Review: Dining at Mujo is pure joy

The Westside sushi restaurant is luxury dining at its creative best

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Review: Mujo

Photograph by Martha Williams

Few of us will ever own a yacht, fly on a private jet, or vacation on a billionaire’s island. But some of us—provided it matters enough—may be able to save a few hundred dollars for an extraordinary meal that provides a lasting memory, and can change the way we think about food. In my life, I haven’t had many such experiences, where the physical setup, exquisite service, and talent and originality of the chef have all come together to create pure joy, making me aware of how much restaurants mean to me. I’m happy to say that Mujo—easily the most refined spot to open in Atlanta in more than a decade—is luxury dining at its creative best.

Without the pandemic, it would probably have been impossible for Federico Castellucci—whose family’s empire includes the Iberian Pig, Cooks & Soldiers, and the Johns Creek location of Sugo—to gather all the pieces into place to create this one-of-a-kind restaurant. Castellucci’s tastebuds had been set on fire by a visit to Tokyo’s Sukiyabashi Jiro—the 10-seat restaurant immortalized in the documentary Jiro Dreams of Sushi—then to several of New York’s top spots. The concept he came up with for Atlanta aims to be more than a traditional sushi restaurant, Castellucci told me: “I wanted to bring back fine dining.”

It took some doing to convince his family of his ambitions, then to persuade chef J. Trent Harris to move from New York. Part of the team at Manhattan’s transcendent Japanese restaurant Shuko—a must for sushi fans with money to spend—Harris previously spent six months working in Japan at the world-famous Sushi Ginza Onodera. A chef of his caliber would more than likely have stayed put in New York, but the pandemic situation—and Castellucci’s deep commitment—drew him south. Launching in 2020 as a pop-up out of Cooks & Soldiers, Mujo put down permanent roots in 2022 as a 15-seat, chef-curated, modern omakase restaurant serving Edomae-style nigiri sushi—a historic process dating back to an era when preserving and mellowing fish before depositing it on a finger of rice was invented.

Mujo
Mujo maitre d’ Katy Reese

Photograph by Martha Williams

The minute I was welcomed at the door by maitre d’ Katy Reese—impeccable in a Sid Mashburn suit—and led into a small room where darkness and light each play a part to focus the attention, I was entranced. Putting my hands on a naked counter smooth as a baby’s bottom (a single piece of unfinished cypress, freshly sanded every evening after service) reminded me less of Japan, where I often dined on the cheap, than it did of the single best (and most expensive) sushi experience I’ve had: Masa, chef Masa Takayama’s Michelin-rated omakase restaurant in Manhattan’s Time Warner Center.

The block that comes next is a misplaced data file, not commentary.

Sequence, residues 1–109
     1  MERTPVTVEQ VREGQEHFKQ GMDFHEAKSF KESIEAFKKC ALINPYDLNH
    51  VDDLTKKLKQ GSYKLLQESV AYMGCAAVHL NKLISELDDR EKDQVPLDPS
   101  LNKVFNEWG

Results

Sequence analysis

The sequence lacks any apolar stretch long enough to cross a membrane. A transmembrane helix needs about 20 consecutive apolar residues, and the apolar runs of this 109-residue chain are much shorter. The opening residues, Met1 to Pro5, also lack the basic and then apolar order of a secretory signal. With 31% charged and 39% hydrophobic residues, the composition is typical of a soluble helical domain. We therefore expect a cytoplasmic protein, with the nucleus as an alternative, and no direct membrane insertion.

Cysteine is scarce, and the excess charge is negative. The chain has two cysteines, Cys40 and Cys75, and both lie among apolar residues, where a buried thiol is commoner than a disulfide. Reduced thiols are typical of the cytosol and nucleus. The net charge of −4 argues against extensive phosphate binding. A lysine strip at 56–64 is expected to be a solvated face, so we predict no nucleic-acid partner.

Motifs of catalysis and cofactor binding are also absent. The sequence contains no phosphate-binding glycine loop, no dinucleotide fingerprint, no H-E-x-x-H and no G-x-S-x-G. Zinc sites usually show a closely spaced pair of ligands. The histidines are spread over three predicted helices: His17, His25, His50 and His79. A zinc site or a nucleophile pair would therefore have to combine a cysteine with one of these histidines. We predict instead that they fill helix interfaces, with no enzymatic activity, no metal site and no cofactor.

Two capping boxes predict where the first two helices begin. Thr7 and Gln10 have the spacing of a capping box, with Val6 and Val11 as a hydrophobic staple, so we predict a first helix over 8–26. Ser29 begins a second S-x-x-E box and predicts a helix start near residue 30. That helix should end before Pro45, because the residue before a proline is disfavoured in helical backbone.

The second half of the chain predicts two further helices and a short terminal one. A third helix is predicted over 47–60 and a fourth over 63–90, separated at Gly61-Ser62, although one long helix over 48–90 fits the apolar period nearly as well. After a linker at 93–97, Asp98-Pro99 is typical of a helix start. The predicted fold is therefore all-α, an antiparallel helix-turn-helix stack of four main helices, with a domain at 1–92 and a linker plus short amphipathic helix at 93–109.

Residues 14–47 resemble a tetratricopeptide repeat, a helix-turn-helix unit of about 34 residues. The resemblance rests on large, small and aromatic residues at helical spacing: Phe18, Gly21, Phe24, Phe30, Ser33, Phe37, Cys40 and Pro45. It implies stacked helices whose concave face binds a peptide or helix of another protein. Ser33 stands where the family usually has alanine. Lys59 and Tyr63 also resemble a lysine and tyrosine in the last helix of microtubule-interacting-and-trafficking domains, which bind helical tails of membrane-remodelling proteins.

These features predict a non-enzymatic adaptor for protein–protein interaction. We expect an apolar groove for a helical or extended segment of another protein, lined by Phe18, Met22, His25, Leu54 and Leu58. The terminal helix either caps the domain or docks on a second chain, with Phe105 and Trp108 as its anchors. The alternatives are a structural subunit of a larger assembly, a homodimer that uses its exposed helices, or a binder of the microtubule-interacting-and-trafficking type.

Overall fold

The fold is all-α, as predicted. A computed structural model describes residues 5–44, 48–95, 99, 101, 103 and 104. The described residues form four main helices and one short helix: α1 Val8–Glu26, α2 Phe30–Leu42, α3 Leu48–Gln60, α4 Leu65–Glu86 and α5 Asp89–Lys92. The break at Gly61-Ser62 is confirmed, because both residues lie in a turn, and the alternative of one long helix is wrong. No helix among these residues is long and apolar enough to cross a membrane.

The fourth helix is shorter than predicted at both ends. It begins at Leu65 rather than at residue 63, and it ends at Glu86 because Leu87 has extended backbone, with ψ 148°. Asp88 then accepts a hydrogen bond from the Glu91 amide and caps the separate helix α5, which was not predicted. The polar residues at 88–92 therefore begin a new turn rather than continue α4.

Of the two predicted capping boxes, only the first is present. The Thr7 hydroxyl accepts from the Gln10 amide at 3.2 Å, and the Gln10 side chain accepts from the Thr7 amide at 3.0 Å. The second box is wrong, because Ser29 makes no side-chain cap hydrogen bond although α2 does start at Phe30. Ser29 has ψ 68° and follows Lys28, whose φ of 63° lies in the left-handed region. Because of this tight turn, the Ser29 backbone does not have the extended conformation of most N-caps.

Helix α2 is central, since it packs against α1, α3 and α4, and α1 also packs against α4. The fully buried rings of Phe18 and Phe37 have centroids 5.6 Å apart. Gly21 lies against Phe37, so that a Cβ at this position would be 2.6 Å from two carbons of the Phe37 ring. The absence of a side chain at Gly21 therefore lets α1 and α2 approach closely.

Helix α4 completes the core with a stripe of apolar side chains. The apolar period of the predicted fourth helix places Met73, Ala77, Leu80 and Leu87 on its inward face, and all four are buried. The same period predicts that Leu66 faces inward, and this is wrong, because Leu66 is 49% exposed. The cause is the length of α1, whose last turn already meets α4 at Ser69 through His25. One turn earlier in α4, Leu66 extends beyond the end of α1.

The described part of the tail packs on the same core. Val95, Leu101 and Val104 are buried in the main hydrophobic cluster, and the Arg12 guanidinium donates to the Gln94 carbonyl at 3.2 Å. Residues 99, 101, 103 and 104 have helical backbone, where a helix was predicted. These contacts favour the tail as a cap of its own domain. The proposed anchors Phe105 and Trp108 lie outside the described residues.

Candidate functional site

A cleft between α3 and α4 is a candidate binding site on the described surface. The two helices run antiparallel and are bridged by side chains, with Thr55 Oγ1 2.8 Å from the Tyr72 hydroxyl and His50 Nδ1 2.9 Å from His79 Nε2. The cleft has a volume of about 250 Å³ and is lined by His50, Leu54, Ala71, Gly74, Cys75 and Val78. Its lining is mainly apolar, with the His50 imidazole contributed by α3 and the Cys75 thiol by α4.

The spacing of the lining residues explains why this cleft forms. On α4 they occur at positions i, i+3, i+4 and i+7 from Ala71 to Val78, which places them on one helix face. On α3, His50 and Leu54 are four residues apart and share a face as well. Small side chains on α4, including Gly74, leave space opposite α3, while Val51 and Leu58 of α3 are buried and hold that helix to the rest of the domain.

A typical meal at Mujo consists of three or four small kitchen dishes (braised octopus, truffled egg custard, dashi broth with white kimchi and chives) followed by exactly 10 pieces of nigiri sushi orchestrated by a chef who will lead you from light (red sea bream, golden-eyed snapper) to progressively richer (horse mackerel, lean bluefin tuna, fatty tuna, sea urchin) treasures of the sea. Seasonal items such as threeline grunt, fully mature winter yellowtail, prized pike mackerel, and monkfish liver pop up on a menu in constant evolution.

In true Edomae style, most of the fish is carefully aged/cured (between four and nine days) to let its texture relax and its umami develop fully. The catch has been exsanguinated and its nerves severed by a needle run down its spine. Often overlooked by sushi bros who want to brag about their toro (fatty tuna) and uni (sea urchin) consumption, the texture and temperature of the rice is crucial: Mujo seasons its brilliant rice with akazu red vinegar, then transfers it instantly into flat wooden boxes to keep it in its optimal state. Don’t even try to ask for your sushi without it: “It would be like ordering a pizza without the crust,” Harris says.

Review: Mujo
A typical meal at Mujo consists of three or four small kitchen dishes, followed by exactly 10 pieces of impeccably sourced, immaculately prepared nigiri sushi.

Photograph by Martha Williams

Respect for the chef’s craft demands that you use your hand rather than chopsticks to bring the small nigiri wonders—best eaten within seconds, while the rice is still warm—to your lips. Often, I found myself incapable of a sustained conversation, fully immersed in silky textures and tastes I couldn’t have imagined. Careful slits, magic dustings of fresh herbs or seaweed, the way a fish was turned to present its delicate veins or beauteous skin—all of this fascinated me. Careful attention by members of the minuscule serving staff, such as the ceremonial wiping of any traces of fish off my personal trivet between bites, had me under a spell all the way to the end.

Supplements such as caviar service or hairy crab from Hokkaido are available, and the meal ends with a small dessert (e.g., roasted sesame ice cream with miso caramel) followed by a mignardise and a gift of Japanese incense in a glass tube. Wine, champagne, and sake pairings can be coordinated by the sommelier, and there’s a tiny bar reserved for diners to begin or prolong their evening. Reservations for the precious seats are released at the beginning of every month. Plan to spend at least $300 per person, but remember that this isn’t about the money. Enlightenment and pure pleasure will be your reward.

This article appears in our December 2022 issue.

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